Accordingly, materials that contain silicon, calcium and phosphorus are excellent candidates for preparing biomaterials with improved osteogenic properties [18,19,20]. The synthesis of Nurse’s A-phase (2Ca2SiO4·Ca3(PO4)2) and silicocarnotite (Ca2SiO4·Ca3(PO4)2) as monophasic materials, was addressed by the present authors in a previous work [21,22,23,24]. On the basis of the Nurse’s A-phase-silcocarnotite in the system Ca3(PO4)2-Ca2SiO4, an invariant eutectoid point at 1366 °C ± 4 °C for a composition of 28.39 wt % Nurse’s A-phase-71.61 wt % silicocarnotite, was also established . The microstructure of an invariant eutectoid point is always lamellar, regardless of the phase diagram studied. The other compositions from the phase diagram have a hypo or hyper eutectoid microstructure formed by grains of a single phase within a much finer eutectoid matrix and therefore is not suitable, a priori, to be colonized by cells. There is only one eutectoid composition with lamellar microstructure, so that composition has been studied in this work.
The main goal of this study was to evaluate the initial response of the influence of Si-Ca-P biphasic ceramic with a eutectoid composition to stimulate the osteogenic process of ahMSCs in the presence or absence of an osteogenic supplement in culture media with a view to using the material for bone tissue engineering.
Figure 1a shows the X-ray diffraction patterns of the synthesised powders of Nurse’s A and silicocarnotite as well as the composition 28.39 wt % of Nurse’s A-71.61 wt % silicocarnotite, referred to as AS from this point onwards. The sharp peaks and low backgrounds suggested that powders were highly crystalline. The obtained Nurse’s A-phase gave diffraction peaks, which can be assigned to the characteristic reflections of 2Ca2SiO4·Ca3(PO4)2 (JCPDS card No. 011-0676). Silicocarnotite could be assigned to the characteristic reflections of Ca2SiO4·Ca3(PO4)2, as described by Dickens and Brown . The crystalline phase detected in the sample was a well-crystallised silicocarnotite (JCPDS card No. 40-393). The eutectoid AS ceramic presented a mixture of Nurse’s A and silicocarnotite phases. As the phases were solid-solution, the diffraction peaks were slightly displaced compared to the corresponding JCPDS card. Figure 1b shows a porous and homogeneous microstructure formed by very thin eutectoid platelets made up of Nurse’s A and silicocarnotite phases.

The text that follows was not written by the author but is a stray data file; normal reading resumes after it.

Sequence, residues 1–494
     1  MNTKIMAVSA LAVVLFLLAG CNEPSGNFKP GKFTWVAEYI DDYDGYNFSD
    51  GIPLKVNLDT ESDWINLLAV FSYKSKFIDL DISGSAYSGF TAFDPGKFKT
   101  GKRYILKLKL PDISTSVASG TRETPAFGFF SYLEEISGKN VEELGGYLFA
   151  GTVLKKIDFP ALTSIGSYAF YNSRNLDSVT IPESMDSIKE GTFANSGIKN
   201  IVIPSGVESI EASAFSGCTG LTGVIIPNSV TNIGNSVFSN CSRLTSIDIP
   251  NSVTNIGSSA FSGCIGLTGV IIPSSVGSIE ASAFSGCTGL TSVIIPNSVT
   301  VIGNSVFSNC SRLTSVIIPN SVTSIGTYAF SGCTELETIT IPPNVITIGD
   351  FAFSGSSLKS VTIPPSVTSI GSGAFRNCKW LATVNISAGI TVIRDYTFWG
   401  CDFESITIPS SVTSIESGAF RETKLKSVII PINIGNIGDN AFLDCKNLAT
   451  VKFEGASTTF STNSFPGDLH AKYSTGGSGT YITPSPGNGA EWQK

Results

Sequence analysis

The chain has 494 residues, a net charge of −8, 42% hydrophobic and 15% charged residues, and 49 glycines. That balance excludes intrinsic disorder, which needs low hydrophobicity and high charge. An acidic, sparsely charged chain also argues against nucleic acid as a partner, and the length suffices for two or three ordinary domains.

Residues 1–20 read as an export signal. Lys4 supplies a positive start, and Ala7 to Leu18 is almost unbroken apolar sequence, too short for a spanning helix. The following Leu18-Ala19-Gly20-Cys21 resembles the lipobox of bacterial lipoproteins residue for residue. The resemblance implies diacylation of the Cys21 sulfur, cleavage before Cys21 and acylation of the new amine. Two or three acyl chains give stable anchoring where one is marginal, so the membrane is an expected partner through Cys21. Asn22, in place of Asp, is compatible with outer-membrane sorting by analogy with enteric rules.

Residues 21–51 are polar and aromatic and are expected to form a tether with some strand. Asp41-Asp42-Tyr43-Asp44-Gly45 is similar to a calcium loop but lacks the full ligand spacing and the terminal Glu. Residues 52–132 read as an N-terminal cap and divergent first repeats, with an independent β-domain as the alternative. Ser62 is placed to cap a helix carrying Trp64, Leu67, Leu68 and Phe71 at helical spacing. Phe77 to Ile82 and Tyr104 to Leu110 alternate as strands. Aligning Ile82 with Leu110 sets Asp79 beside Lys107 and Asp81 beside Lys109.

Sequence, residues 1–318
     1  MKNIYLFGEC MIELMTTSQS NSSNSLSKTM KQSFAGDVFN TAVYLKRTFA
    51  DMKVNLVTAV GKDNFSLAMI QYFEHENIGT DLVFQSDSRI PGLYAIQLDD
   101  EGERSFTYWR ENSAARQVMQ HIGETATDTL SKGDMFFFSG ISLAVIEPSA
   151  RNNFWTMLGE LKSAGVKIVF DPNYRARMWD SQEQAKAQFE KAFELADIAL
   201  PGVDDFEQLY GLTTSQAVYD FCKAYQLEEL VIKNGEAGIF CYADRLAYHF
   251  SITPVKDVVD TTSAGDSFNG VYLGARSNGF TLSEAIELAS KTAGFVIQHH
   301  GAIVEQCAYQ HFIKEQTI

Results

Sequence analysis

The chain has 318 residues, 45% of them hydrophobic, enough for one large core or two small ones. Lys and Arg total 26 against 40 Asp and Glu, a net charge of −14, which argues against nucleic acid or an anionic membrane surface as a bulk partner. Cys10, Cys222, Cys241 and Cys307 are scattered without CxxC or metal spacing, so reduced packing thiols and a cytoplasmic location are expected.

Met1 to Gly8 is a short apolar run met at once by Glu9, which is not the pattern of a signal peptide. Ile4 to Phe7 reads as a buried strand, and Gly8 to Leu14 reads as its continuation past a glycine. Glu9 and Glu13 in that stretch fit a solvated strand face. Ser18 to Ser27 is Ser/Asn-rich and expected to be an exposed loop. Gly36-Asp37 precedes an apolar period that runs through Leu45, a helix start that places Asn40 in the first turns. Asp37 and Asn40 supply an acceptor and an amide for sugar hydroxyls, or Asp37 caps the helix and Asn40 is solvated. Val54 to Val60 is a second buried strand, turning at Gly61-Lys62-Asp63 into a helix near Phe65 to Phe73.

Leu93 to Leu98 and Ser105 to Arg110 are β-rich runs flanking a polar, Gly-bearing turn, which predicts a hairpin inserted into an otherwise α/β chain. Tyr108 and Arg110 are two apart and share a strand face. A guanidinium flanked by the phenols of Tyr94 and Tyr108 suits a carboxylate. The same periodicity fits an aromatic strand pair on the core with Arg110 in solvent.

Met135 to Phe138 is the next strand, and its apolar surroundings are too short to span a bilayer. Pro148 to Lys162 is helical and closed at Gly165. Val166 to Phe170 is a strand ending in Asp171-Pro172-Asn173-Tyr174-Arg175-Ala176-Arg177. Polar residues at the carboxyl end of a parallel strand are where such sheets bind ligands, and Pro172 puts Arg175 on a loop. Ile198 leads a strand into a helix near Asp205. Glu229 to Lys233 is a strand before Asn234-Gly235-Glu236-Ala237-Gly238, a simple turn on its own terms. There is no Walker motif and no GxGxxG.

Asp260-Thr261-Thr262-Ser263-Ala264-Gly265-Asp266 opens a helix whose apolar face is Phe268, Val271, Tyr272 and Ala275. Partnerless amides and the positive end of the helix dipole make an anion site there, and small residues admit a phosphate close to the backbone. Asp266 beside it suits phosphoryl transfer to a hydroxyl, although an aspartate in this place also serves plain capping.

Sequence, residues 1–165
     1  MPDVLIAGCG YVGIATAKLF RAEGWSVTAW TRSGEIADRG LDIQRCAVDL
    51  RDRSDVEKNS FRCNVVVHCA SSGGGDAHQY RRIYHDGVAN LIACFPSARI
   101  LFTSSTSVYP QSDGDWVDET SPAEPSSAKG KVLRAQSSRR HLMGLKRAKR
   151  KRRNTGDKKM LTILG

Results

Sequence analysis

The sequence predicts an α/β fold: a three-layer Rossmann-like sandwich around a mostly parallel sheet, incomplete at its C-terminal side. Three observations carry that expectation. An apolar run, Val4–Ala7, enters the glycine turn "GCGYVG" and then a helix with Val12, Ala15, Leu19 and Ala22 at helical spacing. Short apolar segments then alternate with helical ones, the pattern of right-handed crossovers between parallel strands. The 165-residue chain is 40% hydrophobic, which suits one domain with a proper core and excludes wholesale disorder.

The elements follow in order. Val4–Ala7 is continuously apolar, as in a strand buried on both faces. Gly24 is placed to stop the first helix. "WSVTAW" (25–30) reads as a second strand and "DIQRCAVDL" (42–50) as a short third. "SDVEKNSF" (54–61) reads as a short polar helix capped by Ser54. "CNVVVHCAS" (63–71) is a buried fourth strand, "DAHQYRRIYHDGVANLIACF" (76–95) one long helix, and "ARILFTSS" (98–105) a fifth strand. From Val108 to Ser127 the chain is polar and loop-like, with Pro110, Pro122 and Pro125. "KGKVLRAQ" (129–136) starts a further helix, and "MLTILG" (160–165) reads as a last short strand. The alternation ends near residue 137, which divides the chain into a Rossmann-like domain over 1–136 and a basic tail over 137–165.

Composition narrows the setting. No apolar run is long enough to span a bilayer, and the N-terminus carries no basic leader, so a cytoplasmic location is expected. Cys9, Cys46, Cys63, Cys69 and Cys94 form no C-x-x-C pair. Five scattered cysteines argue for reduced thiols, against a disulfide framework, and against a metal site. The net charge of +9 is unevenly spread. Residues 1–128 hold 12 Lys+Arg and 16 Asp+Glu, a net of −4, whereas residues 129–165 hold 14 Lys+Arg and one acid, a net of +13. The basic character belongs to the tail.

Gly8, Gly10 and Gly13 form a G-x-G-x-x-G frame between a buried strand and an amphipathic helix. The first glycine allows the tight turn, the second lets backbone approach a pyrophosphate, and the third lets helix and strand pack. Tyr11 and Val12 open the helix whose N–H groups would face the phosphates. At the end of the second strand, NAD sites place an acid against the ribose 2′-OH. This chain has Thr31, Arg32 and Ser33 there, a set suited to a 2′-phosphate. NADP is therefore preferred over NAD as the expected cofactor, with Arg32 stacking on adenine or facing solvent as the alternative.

After 3 h of culture in GM, adherent ahMSCs were observed as individual cells larger than non-adherent red blood cells or formed aggregates or colonies, and adopting a rounded or slightly elongated shape (Figure 2a). Residual was unattached around haemopoietic or dead cells that floated in the culture medium on day 7. The cells adopted an elongated and polygonal shape and formed colonies. The number of cells with cytoplasmic vacuoles was not significant, so no cytotoxic effects were observed in morphological terms (Figure 2b).
By 21 days, the culture was more confluent on the cells grown in Osteogenic medium (OM), with a similar morphology to the previous period. On day 28, practically all the adherent ahMSCs displayed a fibroblastic or cuboidal morphology, depending on their confluence (Figure 2c). No significant differences were observed when comparing both culture media. Some birefringent nodules were observed in the cultures with OM.
In order to show cell adhesion and morphology on the AS euctectoid ceramic, the ceramic discs cultured with ahMSCs were examined by SEM. Figure 3 representatively shows the most relevant changes observed as a result of the AS-ahMSCs interaction in culture for 24 h, and 7, 14, 21 and 28 days in GM, and for 21 and 28 days in OM.
During the first 24 h of culture in GM, cells adhered either individually or in small groups across the whole granular surface of the material (Figure 3a). The ceramic exhibited a granular layer that covered some parts of the surface, which is not an obstacle for cell adhesion or proliferation. This layer was composed of a uniform ~1-µm size, and exhibited globular structures with spicules and small nodules, both of which were composed of Ca-P elements according to the Energy Dispersive X-ray elemental microanalysis (Figure 3b and detail).